Large numbers of white settlers did not arrive in the area until the late 1820s as access to the Great Lakes Plaines became easier due to the opening of the Erie Canal in New York.In 1816, Congress decided to construct the Illinois and Michigan Shipping Canal to facilitate greater non-Indian settlement.The coming of concrete as a building material, however, spelled the decline of quarrying and Romeoville's importance was greatly diminished, for stone was Romeoville's most famous export.The first non-native American men to travel through the Romeoville area were probably the French geographer Louis Jolliet and the Jesuit Missionary Father Jacques Marquette who explored the region in 1673.The Village of Romeoville is located on the Des Plaines River (named by the French for the maple trees found along its banks) in the southeastern corner of Du Page Township (named in honor of Du Pazhe, a French hunter and trapper, who at the beginning of the nineteenth century settled at the junction of the east and west branches of the river that now bears his name) and the northwestern corner of Lockport Township (named for the community which was established in 1837 just east of the site of the first look of the Illinois and Michigan Canal) in the northeastern part of Will County (named in honor of Dr.Conrad Will, a pioneer southern Illinois politician, member of the first Constitutional Convention of 1818, and a member of the Illinois legislature from 1818 until, his death in 1835) and in the northeastern part of the State of Illinois (named in honor of the Illini Indian tribes who lived in the region before the non-Indian settlers arrived).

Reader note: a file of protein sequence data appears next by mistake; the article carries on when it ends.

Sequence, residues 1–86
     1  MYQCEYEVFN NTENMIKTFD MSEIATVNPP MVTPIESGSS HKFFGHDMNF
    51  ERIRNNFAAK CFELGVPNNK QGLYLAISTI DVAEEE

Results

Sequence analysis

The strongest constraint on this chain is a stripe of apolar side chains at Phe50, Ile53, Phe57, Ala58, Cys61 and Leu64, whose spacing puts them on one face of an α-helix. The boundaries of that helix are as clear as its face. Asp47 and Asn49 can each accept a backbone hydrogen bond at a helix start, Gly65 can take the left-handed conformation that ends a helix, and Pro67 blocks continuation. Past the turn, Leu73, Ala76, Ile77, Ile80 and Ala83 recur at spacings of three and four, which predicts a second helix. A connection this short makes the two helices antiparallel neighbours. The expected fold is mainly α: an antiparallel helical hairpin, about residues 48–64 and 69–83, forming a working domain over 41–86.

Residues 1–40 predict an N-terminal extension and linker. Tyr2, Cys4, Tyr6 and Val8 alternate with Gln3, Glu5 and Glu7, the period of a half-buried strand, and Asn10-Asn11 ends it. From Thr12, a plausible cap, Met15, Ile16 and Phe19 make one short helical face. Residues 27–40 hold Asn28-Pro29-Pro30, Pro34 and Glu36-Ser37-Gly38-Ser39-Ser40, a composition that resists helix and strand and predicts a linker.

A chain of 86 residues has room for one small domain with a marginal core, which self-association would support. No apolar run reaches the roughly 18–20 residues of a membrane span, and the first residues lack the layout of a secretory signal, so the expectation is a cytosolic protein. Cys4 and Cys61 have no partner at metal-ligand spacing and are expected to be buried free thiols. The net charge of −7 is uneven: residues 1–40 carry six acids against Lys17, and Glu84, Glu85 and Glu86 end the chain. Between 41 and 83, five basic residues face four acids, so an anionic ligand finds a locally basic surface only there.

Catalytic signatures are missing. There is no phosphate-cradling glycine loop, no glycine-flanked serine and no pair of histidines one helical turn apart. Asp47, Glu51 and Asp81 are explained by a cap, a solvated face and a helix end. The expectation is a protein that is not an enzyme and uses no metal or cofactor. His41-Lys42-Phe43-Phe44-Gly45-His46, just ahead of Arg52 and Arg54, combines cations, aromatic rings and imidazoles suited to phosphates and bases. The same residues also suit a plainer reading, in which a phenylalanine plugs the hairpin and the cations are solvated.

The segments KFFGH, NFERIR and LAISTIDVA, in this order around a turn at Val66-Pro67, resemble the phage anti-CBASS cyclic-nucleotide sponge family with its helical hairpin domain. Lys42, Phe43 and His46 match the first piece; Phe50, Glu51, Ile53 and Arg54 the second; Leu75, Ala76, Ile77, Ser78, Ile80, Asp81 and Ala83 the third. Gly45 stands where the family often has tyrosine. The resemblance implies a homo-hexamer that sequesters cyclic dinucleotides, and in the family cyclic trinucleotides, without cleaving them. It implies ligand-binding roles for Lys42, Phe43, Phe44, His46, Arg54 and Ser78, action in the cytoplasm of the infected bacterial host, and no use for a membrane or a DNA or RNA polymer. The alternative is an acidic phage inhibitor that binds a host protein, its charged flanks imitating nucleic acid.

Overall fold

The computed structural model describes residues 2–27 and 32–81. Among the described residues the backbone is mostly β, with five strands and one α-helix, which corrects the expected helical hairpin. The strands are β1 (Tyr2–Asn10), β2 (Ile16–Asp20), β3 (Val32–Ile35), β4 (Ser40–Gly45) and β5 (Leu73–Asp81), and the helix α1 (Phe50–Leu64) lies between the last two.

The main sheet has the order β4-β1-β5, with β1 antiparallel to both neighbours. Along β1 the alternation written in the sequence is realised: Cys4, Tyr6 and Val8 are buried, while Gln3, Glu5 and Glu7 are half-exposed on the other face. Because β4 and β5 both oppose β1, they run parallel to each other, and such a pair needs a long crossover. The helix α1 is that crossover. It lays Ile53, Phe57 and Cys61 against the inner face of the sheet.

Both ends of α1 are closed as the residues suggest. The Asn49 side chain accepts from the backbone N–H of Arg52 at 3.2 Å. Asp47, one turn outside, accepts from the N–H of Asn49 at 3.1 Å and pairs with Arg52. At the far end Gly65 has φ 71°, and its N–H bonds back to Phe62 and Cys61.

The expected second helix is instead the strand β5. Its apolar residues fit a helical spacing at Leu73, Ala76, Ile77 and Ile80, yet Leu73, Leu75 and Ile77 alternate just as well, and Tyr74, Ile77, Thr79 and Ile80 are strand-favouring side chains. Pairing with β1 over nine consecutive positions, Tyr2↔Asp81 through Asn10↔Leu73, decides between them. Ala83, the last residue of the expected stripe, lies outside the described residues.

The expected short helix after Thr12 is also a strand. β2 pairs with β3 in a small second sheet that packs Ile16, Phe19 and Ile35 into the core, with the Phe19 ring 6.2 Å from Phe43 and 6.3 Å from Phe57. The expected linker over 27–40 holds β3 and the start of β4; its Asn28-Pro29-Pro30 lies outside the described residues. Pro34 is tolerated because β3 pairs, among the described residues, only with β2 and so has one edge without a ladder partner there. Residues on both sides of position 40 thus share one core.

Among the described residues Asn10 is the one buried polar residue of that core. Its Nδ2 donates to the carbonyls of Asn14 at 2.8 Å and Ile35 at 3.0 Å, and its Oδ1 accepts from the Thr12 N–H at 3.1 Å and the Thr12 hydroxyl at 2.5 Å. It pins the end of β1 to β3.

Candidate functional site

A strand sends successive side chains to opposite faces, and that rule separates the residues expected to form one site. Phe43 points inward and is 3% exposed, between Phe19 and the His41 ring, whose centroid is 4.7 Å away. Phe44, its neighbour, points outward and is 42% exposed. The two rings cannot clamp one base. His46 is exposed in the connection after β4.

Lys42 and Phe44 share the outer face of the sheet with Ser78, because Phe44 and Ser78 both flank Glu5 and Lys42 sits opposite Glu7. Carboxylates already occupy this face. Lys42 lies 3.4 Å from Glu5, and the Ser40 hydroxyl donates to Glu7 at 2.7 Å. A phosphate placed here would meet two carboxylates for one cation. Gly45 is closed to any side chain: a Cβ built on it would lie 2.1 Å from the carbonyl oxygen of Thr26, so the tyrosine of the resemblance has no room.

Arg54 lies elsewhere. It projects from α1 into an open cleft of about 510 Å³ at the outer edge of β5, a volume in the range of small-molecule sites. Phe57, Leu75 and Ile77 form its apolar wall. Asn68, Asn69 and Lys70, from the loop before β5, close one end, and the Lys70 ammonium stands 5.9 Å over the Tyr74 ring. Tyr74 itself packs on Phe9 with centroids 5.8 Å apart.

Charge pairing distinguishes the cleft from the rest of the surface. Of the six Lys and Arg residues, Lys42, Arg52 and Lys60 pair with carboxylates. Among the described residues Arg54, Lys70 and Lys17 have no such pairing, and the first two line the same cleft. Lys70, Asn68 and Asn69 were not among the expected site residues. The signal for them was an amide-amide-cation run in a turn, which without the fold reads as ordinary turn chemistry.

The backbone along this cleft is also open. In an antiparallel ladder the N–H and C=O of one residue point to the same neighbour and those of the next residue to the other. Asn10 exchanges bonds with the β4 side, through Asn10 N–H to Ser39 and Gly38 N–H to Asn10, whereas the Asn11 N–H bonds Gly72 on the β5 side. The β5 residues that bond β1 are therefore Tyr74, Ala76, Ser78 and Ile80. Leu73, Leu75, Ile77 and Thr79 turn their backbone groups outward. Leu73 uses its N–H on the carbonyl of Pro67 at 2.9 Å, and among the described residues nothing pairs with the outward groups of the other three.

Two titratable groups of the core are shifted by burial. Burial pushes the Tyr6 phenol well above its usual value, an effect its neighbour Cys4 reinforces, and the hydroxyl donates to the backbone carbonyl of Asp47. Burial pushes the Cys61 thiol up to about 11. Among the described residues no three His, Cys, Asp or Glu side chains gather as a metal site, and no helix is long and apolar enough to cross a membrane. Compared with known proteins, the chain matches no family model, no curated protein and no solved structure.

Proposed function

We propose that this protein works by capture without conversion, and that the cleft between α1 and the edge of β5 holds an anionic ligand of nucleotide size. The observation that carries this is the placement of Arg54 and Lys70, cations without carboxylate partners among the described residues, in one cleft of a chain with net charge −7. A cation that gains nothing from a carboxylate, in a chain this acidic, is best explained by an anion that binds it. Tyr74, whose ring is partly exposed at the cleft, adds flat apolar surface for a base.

A majority of the workers were immigrants from Ireland. From the Middle Ages up to the beginning of the 19th century Bavaria was a powerful and mighty Dukedom first under the reign of the Guelph dynasty and subsequently under the Wittelsbachs.Cities such as Regensburg developed into spiritual and economic centres of European importance.After the Thirty Years’ War the Electorate of Bavaria had an important role amongst the great political players of the time.
Bavaria was a kingdom for over 100 years, from January 1, 1806 to November 8, 1918.
A road from Chicago to Lockport was named Archer Avenue, being named after one of the canal commissioners.